There are no chase scenes through the desert, no period sets, no planets‚ no bears. Just a room. One room for two actors... and 70 crew members. For many of them, the tiny room — three metres long by three metres wide — would become the most complex set they'd ever worked on.
"I think the reason I was on the short list was I had done a movie with the producers a few years earlier," said production designer Ethan Tobman over coffee at a Los Angeles café.
Director Lenny Abrahamson ended up hiring the Montreal native to design the set of the film Room, a Canadian-Irish co-production based on the novel and Oscar-nominated screenplay by Irish-Canadian writer Emma Donoghue.
The film tells the story of Ma, a young woman who is abducted and repeatedly sexually assaulted by her captor for seven years and gives birth to a son, Jack, with whom she lives in the confines of a single room for five years before the two manage to escape
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For Tobman, much of the work of building the small room to which Jack and Ma are confined began before the first sheet of plywood went up.
"I approached Room's research by kind of approaching captivity as an abstract concept," Tobman said. "I started by doing research on everything from Auschwitz to favelas to micro-apartments in Tokyo, Hong Kong, to the American penal system, really studying how people live in micro, tiny environments. And from that, we came up with the idea that every square inch of Room needed to have a backstory."
Inverted Rubik's Cube design
But to tell that story, Tobman would have to fit all the crew and equipment into a tiny shed. After mulling it over, he said, he realized the solution was itself a puzzle. He designed the room as an inverted Rubik's Cube.
"We began to realize that we needed to approach building this set in a modular capacity. We needed to get 70 people to work on it from the outside," Tobman said.
'I approached every tile of the set as a clue to the years of love and history [and] intimacy in captivity that our two characters have experienced.' - Ethan Tobman, production designer
"Each piece was removable. You could essentially shoot, light, do makeup from the outside looking in. This provided an extraordinary intimacy for our two actors because so much of the time they were alone inside while we were outside, and it gave us naturalism and realism.
"Lenny and Danny [Cohen], our cinematographer, felt very strongly from the very beginning that the camera should never be able to shoot anything from the outside of the physical confines of the space. So, while the body of the camera may be outside, the lens is inside. We are never breaking that fourth wall. Similarly, I approached every tile of the set as a clue to the years of love and history [and] intimacy in captivity that our two characters have experienced."
No detail, he said, was overlooked. Tobman even calculated the angle of the sun's trajectory over seven years to gauge where the wall paint would fade. And he actually spent a night in the room.
"As a production designer, you are always looking for nuggets of truth — those little things that make the set real," he said.
Conversations with trauma specialist informed role
Those nuggets of truth were what the actress Brie Larson was looking for to help her play Ma. She told the CBC about the experience in September at the Toronto International Film Festival.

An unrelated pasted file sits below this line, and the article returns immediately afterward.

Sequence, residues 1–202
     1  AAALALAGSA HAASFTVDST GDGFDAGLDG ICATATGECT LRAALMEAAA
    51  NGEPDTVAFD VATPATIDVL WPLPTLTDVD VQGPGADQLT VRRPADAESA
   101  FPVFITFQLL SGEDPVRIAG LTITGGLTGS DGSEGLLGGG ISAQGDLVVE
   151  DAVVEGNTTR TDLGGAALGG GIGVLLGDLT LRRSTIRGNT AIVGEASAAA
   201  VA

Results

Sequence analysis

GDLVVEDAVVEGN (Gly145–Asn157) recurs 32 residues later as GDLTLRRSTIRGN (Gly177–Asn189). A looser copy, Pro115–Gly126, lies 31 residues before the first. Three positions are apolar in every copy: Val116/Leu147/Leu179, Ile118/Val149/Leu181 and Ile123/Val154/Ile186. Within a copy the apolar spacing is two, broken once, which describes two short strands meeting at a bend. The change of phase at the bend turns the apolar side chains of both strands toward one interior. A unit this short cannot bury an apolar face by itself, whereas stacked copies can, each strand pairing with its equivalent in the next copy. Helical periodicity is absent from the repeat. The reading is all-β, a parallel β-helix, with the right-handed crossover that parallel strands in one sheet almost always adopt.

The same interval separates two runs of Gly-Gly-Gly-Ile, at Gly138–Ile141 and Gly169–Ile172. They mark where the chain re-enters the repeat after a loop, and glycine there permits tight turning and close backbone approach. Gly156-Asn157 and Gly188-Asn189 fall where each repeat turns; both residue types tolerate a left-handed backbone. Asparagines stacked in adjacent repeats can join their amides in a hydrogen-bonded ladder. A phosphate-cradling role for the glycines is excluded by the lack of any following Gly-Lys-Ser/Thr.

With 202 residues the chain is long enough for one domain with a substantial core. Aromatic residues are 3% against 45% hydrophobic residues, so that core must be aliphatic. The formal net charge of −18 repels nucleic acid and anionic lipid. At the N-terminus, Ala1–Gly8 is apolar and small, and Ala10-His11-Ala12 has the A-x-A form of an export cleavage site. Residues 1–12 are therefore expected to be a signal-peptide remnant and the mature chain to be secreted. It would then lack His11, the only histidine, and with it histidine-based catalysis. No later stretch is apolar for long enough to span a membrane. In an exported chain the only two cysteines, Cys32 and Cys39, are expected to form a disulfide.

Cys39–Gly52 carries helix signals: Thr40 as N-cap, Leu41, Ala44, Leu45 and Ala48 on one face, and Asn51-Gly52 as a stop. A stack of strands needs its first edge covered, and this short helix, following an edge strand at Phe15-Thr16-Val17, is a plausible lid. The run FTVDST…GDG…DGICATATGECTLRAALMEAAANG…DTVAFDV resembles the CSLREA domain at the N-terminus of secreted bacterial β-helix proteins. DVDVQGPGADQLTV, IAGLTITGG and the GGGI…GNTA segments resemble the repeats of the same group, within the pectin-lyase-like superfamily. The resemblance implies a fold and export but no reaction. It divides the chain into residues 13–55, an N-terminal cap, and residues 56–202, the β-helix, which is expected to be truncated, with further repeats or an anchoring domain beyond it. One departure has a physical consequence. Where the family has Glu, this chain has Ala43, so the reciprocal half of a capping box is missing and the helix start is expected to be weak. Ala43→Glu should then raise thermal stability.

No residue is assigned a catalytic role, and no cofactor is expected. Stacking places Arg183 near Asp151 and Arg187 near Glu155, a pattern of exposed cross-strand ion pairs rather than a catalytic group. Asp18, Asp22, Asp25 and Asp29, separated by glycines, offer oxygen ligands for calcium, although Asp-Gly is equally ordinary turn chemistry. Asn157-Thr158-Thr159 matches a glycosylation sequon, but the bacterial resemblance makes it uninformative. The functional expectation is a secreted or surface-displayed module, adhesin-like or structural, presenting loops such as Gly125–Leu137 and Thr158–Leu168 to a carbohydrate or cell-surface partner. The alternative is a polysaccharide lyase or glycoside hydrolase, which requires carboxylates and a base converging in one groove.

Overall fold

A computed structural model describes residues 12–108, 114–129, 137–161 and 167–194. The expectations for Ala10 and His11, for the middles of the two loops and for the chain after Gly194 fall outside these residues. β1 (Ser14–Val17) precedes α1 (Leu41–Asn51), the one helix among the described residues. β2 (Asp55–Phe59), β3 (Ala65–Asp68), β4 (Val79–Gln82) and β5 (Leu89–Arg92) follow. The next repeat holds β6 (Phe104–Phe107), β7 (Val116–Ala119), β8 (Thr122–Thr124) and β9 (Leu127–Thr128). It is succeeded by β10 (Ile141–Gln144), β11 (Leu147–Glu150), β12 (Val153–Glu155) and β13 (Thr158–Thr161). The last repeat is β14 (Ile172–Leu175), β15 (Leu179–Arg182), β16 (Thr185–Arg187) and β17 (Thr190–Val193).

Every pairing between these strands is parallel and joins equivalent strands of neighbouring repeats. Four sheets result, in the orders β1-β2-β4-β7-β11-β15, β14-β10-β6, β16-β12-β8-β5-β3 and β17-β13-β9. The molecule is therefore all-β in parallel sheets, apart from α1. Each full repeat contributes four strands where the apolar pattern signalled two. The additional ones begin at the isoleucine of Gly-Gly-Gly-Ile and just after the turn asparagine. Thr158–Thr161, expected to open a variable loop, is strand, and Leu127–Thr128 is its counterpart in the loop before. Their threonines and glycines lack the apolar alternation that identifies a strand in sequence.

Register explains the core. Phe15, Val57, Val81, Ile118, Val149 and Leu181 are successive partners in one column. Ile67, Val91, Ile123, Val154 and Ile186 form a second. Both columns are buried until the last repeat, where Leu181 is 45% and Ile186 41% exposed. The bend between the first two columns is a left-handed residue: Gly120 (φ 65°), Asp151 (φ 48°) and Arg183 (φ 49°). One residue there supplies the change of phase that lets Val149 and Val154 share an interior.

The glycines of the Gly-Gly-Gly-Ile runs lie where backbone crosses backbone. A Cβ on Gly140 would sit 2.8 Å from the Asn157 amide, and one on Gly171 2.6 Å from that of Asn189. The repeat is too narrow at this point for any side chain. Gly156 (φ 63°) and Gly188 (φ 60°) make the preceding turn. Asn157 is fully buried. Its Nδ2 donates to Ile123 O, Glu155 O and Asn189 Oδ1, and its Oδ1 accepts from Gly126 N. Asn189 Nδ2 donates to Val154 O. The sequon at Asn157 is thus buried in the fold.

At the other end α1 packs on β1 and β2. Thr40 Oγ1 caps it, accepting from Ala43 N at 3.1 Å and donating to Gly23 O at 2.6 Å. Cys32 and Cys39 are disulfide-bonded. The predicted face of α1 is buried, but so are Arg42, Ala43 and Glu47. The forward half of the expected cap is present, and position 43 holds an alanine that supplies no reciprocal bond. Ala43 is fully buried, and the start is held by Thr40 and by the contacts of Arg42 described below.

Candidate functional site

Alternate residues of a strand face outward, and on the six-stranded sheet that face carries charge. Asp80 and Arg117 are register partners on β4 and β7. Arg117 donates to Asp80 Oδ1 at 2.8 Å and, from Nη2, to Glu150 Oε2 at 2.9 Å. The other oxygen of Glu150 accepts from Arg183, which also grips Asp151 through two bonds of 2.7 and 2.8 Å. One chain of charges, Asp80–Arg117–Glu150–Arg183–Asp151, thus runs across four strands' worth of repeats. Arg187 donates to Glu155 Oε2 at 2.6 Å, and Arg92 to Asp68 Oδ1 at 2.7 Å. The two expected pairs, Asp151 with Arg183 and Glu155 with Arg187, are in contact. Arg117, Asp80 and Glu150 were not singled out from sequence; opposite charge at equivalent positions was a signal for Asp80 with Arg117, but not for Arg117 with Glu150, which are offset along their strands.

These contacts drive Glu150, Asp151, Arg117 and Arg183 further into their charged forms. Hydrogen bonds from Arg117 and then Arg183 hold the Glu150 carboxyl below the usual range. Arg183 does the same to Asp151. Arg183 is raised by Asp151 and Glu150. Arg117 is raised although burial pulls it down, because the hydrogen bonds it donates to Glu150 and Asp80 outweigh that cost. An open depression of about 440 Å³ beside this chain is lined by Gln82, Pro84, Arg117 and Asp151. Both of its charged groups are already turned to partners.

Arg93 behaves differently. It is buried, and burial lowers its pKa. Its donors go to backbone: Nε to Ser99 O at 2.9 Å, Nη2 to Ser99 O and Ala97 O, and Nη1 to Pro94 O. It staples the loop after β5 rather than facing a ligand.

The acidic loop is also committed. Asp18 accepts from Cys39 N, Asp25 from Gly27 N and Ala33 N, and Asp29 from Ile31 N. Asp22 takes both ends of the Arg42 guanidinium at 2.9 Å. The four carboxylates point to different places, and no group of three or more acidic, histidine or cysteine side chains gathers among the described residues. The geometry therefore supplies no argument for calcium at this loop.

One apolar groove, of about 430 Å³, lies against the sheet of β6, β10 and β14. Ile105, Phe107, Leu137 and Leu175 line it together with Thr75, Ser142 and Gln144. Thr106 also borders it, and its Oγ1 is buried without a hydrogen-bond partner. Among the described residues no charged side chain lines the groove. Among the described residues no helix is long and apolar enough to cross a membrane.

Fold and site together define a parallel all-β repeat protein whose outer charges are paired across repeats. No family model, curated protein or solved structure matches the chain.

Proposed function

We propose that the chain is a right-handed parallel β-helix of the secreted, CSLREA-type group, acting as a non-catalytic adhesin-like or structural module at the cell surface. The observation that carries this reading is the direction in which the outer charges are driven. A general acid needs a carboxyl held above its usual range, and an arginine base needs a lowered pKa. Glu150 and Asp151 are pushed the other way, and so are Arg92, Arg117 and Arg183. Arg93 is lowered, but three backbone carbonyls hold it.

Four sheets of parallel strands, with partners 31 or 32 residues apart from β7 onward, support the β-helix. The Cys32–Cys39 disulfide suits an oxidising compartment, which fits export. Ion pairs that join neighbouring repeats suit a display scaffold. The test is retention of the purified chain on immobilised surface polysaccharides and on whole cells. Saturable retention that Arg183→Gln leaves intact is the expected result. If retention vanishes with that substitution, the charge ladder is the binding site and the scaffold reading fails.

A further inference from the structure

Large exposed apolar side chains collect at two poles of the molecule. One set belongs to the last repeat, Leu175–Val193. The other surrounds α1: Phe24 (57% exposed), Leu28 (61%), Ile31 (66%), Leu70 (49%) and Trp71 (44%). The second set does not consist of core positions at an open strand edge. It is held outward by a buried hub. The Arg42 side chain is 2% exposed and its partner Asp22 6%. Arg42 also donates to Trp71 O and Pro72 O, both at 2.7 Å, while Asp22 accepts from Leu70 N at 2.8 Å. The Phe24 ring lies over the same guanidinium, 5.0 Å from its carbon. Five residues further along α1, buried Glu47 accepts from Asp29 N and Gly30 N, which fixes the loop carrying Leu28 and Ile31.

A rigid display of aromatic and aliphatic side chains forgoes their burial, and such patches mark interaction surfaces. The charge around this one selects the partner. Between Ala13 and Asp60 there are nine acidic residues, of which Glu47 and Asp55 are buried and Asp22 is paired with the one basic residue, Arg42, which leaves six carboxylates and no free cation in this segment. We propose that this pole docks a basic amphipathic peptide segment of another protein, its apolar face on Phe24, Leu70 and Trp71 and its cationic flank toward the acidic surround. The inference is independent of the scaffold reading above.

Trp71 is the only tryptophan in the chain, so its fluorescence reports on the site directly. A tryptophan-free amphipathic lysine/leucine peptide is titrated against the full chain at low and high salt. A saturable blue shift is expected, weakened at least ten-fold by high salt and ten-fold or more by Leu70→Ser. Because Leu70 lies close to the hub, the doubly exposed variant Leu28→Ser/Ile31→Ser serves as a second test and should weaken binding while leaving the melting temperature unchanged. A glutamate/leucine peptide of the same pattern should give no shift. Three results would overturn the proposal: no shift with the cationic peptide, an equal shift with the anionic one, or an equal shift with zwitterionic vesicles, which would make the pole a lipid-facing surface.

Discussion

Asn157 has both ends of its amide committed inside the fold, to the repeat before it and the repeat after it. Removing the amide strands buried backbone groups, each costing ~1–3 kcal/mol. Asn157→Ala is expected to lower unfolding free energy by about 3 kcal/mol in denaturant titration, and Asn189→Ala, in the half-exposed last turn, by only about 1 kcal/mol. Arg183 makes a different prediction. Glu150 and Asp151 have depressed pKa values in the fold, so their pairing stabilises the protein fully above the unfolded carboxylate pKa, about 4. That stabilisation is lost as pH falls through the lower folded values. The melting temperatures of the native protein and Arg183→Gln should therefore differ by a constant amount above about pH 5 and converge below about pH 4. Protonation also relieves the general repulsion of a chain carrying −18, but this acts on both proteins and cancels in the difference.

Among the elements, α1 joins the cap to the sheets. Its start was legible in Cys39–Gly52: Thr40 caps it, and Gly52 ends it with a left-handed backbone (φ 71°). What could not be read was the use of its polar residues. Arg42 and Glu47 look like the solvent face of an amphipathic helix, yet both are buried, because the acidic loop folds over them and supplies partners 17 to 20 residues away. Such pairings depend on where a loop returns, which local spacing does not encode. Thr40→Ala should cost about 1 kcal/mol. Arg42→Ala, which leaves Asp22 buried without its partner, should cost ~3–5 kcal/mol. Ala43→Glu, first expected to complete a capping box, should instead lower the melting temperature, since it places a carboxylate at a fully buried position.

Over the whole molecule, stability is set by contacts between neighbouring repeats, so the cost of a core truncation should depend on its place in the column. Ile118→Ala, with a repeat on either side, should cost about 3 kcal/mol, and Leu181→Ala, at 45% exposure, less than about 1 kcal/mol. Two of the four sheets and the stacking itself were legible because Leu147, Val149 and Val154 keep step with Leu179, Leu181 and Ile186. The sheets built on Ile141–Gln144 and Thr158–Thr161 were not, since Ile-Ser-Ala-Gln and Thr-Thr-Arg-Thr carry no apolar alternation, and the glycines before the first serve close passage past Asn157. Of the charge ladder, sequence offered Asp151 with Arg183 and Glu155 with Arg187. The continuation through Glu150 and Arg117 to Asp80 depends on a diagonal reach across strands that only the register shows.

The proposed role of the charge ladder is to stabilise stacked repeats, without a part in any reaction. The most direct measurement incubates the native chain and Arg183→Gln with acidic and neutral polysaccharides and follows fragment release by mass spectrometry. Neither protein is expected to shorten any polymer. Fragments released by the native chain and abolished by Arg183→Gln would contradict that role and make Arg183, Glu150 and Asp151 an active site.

"Most of the work came from speaking with a trauma specialist," Larson said. "I spent hours picking his brain."
That brain belongs to American psychologist John Briere. He earned his PhD at the University of Manitoba in Winnipeg and is now the director of the Psychological Trauma Program at the University of Southern California.
"One day, an email came, I think from the production company in Toronto, asking me if I would meet initially with Brie Larson to help her try to get an idea of what the character would be going through," Briere said from his Los Angeles office.
He pointed to two empty chairs where Larson and Abrahmson sat with him for hours discussing previous cases of abduction and abuse in captivity.
"Those cases allowed me to share with Brie a little more directly what her experience as Ma would probably be like," he said. "She is, obviously, really a very brilliant actor. She almost didn't need me. I was telling her things she seemed to know intuitively, but I think really, though, her awareness and notions of trauma allowed her to do perhaps an even more impressive job of portraying.
'Sadly, many of the media portrayals, in terms of trauma, are not accurate at all.' - John Briere, trauma specialist
"Of course, the movie and the book were really well done initially. It's not like the plot line really changed. But I think Lenny has said, for example, in Q&A's that one of the effects of the consultations allowed him to see more directly how Brie would be suffering more after the abduction than during the abduction."
Briere has seen the film several times now. He says he and his colleagues believe it's as realistic as a movie can be.
"Sadly, many of the media portrayals, in terms of trauma, are not accurate at all," he said. "They either fetishize them to make them more interesting than they should be on a certain level or they whitewash them instead and make them not be as bad as they actually are.
"It's not an easy thing to do at all, but I do think they accomplished it really well ... I think they came pretty close to showing what that experience was."